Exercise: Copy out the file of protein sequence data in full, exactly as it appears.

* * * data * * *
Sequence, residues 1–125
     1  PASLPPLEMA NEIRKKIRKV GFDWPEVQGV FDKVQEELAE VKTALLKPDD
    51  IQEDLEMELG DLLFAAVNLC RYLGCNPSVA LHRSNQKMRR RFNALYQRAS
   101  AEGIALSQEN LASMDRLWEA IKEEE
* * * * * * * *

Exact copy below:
Sequence, residues 1–125
     1  PASLPPLEMA NEIRKKIRKV GFDWPEVQGV FDKVQEELAE VKTALLKPDD
    51  IQEDLEMELG DLLFAAVNLC RYLGCNPSVA LHRSNQKMRR RFNALYQRAS
   101  AEGIALSQEN LASMDRLWEA IKEEE